Martee L. Hensley, MD: I first ask myself, does this patient have a curable disease or a controllable disease? Because if we think that patient can be cured, then our willingness to use very aggressive therapies and talk her into how to be supported through those aggressive therapies, we’re going to have a lower threshold to do that because we think there’s a chance for cure. If, instead, she has a controllable disease, then I ask myself, what will be the best recipe to lead to tolerable disease control for as long as possible, whether that’s multi-agent chemotherapy to start, with a hope for breakthrough treatment down the road, single-agent chemotherapy, or even hormone blockade in specially selected patients? And then I counsel them, “I can’t cure your disease, but I think we can keep you living with it for a pretty long time using treatments that won’t make you very sick,” and then we’ll talk about which specific agents fall in those categories.

William D. Tap, MD: And it’s always important to say that that becomes a journey, and a lot of things can happen, good and bad, on a journey and things are emerging every day. That’s a wonderful way to approach. So, when we talk about soft tissue sarcomas, is it the same approach? Is it different approaches? Mark?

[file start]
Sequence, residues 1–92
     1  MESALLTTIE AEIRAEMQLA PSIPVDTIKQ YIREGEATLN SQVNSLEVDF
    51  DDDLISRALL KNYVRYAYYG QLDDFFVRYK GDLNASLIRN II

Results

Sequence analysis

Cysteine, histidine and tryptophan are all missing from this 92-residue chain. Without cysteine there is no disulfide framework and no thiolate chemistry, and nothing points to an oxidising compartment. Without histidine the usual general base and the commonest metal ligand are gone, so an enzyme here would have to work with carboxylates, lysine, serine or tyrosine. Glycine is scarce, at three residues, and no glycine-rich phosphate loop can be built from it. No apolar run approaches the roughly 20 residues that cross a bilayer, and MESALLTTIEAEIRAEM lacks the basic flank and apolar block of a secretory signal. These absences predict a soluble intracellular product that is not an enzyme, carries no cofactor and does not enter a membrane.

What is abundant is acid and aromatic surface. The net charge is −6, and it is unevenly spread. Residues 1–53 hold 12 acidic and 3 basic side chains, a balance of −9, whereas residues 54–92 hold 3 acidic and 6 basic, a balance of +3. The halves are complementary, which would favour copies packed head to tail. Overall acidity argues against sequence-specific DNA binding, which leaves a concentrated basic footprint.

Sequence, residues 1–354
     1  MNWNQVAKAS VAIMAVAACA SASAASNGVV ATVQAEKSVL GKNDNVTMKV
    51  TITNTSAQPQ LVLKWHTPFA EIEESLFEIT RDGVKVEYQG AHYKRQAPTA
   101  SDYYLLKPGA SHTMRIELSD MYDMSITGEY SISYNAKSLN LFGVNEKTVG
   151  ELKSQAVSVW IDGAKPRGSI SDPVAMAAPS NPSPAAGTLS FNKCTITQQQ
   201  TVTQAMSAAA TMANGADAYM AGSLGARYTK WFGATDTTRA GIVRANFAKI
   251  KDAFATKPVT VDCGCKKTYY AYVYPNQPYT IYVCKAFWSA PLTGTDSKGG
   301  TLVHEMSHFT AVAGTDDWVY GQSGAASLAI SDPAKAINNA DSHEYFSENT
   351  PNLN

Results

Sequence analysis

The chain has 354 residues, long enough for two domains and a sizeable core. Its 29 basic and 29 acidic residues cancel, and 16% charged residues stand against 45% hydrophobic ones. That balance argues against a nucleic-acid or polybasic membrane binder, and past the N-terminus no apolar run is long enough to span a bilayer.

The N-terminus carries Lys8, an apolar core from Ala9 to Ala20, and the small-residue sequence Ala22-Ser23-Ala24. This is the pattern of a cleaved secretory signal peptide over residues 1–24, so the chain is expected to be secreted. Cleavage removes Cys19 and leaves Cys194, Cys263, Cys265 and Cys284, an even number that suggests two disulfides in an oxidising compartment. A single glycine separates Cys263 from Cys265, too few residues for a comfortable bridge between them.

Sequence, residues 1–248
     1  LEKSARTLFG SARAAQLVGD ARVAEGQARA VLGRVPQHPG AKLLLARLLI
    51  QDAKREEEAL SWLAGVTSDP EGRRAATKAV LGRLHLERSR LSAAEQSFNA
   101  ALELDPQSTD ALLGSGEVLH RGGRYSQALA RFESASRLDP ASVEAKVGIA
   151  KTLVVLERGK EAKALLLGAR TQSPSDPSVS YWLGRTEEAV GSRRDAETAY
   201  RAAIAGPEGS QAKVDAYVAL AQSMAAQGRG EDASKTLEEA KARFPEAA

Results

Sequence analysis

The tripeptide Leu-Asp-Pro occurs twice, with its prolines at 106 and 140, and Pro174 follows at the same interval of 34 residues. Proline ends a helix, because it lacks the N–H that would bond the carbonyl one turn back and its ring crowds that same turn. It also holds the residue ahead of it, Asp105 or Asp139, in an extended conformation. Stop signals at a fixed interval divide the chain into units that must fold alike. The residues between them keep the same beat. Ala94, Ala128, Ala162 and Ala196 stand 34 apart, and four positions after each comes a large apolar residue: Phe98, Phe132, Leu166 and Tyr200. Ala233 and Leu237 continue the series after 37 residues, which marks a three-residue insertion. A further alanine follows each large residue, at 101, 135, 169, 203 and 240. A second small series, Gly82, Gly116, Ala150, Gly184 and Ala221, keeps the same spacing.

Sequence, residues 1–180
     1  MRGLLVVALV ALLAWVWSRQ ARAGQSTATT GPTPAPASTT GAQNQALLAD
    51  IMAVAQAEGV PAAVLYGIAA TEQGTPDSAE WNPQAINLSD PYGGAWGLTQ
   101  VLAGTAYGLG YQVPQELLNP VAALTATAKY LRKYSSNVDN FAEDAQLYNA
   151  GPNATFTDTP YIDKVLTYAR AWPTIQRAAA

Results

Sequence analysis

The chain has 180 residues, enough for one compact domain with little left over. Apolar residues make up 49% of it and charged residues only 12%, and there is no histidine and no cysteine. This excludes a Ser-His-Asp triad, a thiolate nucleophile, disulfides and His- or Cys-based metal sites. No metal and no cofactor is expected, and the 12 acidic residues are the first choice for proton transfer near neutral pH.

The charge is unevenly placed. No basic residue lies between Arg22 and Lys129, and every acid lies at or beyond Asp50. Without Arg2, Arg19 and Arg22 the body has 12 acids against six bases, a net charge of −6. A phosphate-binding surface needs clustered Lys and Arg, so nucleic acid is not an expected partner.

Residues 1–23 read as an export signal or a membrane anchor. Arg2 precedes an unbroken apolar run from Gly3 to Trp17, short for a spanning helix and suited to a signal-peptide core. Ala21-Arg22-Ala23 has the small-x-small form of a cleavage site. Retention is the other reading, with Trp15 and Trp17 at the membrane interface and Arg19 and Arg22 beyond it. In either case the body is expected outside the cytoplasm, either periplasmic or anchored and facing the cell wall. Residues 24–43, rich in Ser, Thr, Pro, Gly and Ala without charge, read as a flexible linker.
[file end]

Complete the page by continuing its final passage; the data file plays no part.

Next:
Mark Agulnik, MD: I think it’s the same. And the word that you used is cure, so it’s very important to set the expectations for the patients very early on. I’m not a huge fan of prognosis on a first visit because I actually don’t think you could tell what the prognosis is going to be until you start the journey with them and see how they start to respond to some of the therapies. And often people are too quick to ask, “What’s the prognosis?” And none of us have the crystal ball as far as I know, but I really do think you need to set expectations. And for the ability to cure, if you think you can cure someone or render them cured, whether or not they have oligometastatic disease or just localized disease, I think you need to use the word. And if you can’t cure them, taking them to the paradigm, could you create this as a chronic disease? Certainly, we’ve all seen patients with metastatic disease who have lived for many years, but we’ve also seen patients who have lived 6 to 8 weeks.

And so, the volume of disease that they have, the aggressiveness of the histology, you have to be up front and forward with them. But I do think it is a journey with them, and there are a lot of options for them. It’s really disheartening when someone walks in and says, “My surgeon said there’s no options.” I feel terrible, because from the time period that they met with the surgeon until they met you in your office, they’ve been living with that. I feel terrible for them.